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Aircraft Crashes Compel US Marines to Order 24-Hour Universal Stand Down

© AP Photo / Maya AlleruzzoV-22 Osprey
V-22 Osprey - Sputnik International
Marine Corps Commandant Robert Neller has ordered a 24-hour stand down for all aviations units for safety reviews, as a rising number of accidents has resulted in 19 deaths since early June.

Multiple types of aircraft have been experiencing crashes, the most recent being an August 5 incident in Australia where three Marines died after a MV-22 Osprey crash, and the most devastating being a June 10th KC-130 tanker/transport crash in Mississippi that left 16 Marines dead.

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A Royal Australian Navy survey ship located the Osprey in Shoalwater Bay off Queensland. The craft had taken off from the USS Bonhomme Richard to conduct routine operations.

"This operational reset will occur within the next two weeks and will be taken at the discretion of commanders, based on their unit’s operational commitments, to focus on the fundamentals of safe flight operations, standardization, and combat readiness," Neller said in a statement, "The intent is for flying squadrons to review selected incidents which occurred enterprise-wide and study historical examples of completed investigations in order to bring awareness and best practices to the fleet."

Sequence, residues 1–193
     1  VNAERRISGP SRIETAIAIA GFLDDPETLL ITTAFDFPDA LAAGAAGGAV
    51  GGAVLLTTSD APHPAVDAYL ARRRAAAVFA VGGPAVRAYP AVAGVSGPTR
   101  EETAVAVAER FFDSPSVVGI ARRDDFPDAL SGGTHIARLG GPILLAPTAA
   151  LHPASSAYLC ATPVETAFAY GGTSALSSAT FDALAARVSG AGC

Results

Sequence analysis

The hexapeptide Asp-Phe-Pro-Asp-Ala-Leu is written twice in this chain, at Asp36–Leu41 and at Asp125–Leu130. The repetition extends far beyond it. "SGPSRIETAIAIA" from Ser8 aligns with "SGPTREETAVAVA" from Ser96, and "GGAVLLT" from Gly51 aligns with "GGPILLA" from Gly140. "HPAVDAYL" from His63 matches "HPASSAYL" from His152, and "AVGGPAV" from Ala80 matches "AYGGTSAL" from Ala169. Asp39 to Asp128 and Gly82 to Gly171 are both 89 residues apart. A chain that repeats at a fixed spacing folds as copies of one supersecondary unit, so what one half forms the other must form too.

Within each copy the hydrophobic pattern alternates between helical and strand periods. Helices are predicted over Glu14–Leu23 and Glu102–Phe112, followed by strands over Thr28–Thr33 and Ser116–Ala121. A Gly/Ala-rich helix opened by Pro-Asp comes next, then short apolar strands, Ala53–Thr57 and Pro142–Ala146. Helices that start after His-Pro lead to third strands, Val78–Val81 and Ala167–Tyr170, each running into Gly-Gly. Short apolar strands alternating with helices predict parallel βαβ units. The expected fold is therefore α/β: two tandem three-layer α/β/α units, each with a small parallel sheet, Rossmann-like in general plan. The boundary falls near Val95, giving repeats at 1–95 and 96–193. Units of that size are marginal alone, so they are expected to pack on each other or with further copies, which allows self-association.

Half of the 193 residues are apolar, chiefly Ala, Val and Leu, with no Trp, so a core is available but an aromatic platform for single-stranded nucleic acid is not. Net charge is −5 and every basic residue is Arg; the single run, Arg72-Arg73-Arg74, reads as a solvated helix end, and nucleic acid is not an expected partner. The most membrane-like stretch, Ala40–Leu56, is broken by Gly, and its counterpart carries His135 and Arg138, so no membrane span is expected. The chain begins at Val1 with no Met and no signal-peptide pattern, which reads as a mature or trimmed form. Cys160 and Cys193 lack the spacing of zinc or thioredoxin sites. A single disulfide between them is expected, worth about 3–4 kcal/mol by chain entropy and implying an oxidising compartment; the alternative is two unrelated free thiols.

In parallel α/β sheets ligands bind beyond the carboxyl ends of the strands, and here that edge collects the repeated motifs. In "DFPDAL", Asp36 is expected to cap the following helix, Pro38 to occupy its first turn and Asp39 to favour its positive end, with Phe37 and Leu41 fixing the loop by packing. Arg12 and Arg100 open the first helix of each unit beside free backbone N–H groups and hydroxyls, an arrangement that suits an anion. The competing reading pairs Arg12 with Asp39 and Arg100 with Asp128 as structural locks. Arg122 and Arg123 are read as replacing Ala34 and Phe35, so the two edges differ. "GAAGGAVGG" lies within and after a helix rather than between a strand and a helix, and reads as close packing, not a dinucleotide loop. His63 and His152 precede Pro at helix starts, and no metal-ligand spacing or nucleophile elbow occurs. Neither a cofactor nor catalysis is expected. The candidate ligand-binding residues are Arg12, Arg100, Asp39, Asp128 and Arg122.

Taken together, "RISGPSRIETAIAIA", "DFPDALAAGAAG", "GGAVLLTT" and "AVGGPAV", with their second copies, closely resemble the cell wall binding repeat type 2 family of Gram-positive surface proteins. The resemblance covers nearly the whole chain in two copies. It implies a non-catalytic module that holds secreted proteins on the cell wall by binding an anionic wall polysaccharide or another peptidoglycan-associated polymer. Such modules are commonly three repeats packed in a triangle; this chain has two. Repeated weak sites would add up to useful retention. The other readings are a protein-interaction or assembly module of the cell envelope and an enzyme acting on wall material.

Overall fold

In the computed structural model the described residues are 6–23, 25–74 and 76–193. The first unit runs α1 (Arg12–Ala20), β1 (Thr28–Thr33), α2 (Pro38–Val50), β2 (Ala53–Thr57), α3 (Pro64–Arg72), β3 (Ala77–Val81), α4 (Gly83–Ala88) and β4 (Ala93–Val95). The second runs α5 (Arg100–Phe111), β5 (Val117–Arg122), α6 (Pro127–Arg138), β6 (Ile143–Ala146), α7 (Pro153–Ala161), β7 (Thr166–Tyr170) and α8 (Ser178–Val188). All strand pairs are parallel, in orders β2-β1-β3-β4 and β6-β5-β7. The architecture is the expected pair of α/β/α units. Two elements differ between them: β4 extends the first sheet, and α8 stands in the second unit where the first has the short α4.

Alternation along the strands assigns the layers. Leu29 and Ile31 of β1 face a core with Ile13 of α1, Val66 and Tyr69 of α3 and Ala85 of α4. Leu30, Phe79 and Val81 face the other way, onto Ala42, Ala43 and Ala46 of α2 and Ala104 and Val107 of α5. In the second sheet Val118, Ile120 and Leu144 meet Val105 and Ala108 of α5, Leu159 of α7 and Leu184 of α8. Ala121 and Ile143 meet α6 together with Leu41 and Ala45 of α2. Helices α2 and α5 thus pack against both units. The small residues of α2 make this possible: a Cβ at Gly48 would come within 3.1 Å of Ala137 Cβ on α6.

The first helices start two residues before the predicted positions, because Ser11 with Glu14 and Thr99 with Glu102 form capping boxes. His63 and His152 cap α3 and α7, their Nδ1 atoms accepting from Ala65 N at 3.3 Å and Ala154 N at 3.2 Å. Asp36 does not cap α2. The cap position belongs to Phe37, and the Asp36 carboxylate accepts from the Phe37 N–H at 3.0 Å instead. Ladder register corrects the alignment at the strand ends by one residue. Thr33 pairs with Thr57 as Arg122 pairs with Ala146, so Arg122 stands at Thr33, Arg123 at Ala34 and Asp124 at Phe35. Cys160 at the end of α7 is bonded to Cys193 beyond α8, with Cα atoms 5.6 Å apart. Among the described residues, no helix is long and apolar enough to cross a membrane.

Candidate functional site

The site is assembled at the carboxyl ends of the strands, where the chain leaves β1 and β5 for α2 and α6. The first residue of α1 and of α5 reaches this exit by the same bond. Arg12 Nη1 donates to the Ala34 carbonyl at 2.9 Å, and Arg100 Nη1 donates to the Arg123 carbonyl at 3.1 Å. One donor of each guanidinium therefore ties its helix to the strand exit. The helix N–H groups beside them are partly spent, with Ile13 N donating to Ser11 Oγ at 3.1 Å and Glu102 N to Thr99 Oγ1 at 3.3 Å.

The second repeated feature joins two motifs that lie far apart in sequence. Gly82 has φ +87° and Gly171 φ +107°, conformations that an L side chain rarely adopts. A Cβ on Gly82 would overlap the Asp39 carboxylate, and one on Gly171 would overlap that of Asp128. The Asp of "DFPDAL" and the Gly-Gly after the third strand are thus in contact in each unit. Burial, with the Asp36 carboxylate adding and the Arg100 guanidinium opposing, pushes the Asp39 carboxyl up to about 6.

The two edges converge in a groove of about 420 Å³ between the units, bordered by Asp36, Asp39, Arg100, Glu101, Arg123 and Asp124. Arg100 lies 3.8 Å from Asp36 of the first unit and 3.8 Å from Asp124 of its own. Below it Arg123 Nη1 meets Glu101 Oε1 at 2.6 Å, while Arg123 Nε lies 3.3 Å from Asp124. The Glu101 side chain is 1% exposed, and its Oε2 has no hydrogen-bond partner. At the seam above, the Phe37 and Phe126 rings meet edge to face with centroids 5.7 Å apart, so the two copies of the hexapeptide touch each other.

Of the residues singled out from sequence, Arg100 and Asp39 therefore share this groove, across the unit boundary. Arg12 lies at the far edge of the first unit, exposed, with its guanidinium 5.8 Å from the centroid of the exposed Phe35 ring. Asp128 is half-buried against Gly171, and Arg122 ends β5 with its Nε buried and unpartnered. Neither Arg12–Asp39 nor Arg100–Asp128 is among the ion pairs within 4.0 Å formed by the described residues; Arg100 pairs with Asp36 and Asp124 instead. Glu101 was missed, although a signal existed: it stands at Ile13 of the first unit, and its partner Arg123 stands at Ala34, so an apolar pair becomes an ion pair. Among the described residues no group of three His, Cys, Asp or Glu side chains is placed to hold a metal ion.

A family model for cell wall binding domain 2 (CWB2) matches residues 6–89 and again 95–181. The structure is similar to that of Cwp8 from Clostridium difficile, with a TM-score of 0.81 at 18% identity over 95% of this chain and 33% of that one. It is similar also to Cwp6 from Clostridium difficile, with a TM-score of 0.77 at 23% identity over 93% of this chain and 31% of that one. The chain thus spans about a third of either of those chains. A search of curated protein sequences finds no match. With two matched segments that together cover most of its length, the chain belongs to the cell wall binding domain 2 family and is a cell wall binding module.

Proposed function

A year ago, last August, there was another stand down following three incidents of aging F-18 Hornet fighter jets crashing, according to Breaking Defense.

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Rep. William "Mac" Thornberry (R-TX), chairman of the House Armed Services Committee, said at the time that a "readiness crisis" was to blame for the deaths. 

Defense Budget Hawks like Thornberry have worked to raise the caps on military spending enacted by the Budget Act of 2011, which he and his allies believe are to blame for insufficiently trained pilots, more breakdowns due to maintenance funds being cut and saddling the military with aging aircraft as funds for new equipment aren’t available.

"Washington has asked our military to do too much with too little for too long," Thornberry said in a statement about the impending stand down. "As threats continue to grow, Congress must act as soon as possible to provide our military with all of the resources they need to repair what can be fixed and replace what cannot be repaired. It would be immoral to continue to use military funding as political leverage in the face of such striking evidence that our military is in a crisis that is partly of our own making."

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